Background In England the demand for emergency care is increasing, while there is also a staffing shortage. This has implications for quality of care and patient safety. One solution may be to concentrate resources on fewer sites by closing or downgrading emergency departments (EDs). Our aim was to quantify the impact of such reorganisation on population mortality.
Methods We undertook a controlled interrupted time series analysis to detect the impact of closing or downgrading five EDs, which occurred due to concerns regarding sustainability. We obtained mortality data from 2007 to 2014 using national databases. To establish ED resident catchment populations, estimated journey times by road were supplied by the Department for Transport. Other major changes in the emergency and urgent care system were determined by analysis of annual NHS Trust reports in each geographical area studied. Our main outcome measures were mortality and case fatality for a set of 16 serious emergency conditions.
Results For residents in the areas affected by closure, journey time to the nearest ED increased (median change 9 min, range 0–25 min). We found no statistically reliable evidence of a change in overall mortality following reorganisation of ED care in any of the five areas or overall (+2.5% more deaths per month on average; 95% CI −5.2% to +10.2%; p=0.52). There was some evidence to suggest that, on average across the five areas, there was a small increase in case fatality, an indicator of the ‘risk of death’ (+2.3%, 95% CI +0.9% to+3.6%; p<0.001), but this may have arisen due to changes in hospital admissions.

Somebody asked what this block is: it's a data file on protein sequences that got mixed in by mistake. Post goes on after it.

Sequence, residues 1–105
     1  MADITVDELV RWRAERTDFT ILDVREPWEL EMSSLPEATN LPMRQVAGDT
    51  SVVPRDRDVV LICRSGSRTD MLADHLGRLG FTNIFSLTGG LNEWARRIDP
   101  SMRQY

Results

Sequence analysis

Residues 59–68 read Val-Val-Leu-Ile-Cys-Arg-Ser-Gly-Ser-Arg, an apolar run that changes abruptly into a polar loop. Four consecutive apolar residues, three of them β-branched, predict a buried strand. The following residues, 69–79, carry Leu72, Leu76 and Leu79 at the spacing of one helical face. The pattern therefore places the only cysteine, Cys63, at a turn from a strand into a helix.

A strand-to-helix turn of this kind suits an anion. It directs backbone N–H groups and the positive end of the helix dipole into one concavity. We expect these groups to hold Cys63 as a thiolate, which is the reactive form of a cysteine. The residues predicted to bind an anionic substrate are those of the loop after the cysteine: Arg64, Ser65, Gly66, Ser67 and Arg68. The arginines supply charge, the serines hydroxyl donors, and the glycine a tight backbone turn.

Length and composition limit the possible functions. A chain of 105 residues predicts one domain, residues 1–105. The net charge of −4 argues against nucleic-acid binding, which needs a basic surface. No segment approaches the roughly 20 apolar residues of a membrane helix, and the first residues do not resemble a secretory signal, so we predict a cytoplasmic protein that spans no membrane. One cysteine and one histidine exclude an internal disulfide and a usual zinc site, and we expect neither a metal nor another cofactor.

Conclusions We found no evidence that reorganisation of emergency care was associated with a change in population mortality in the five areas studied. Further research should establish the economic consequences and impact on patient experience and neighbouring hospitals.
- emergency care systems
- emergency departments
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What this paper adds
What is already known on this topic
A small number of EDs in England have been closed due to issues around safety and sustainability, with further ED closures expected in other areas.
The impact of closure or downgrade of an ED in England on population mortality was unknown.
Existing evidence indicated that longer journey times to ED and the delayed onset of emergency treatments are detrimental to patient mortality.
What this study adds
We found no statistically reliable, consistent evidence of an increase in deaths among the population from serious emergency conditions in the period following the reorganisation of emergency care in the five geographical areas studied.
It may be possible to close further carefully selected EDs without negative impact on population mortality. However, selection of these EDs would require careful consideration.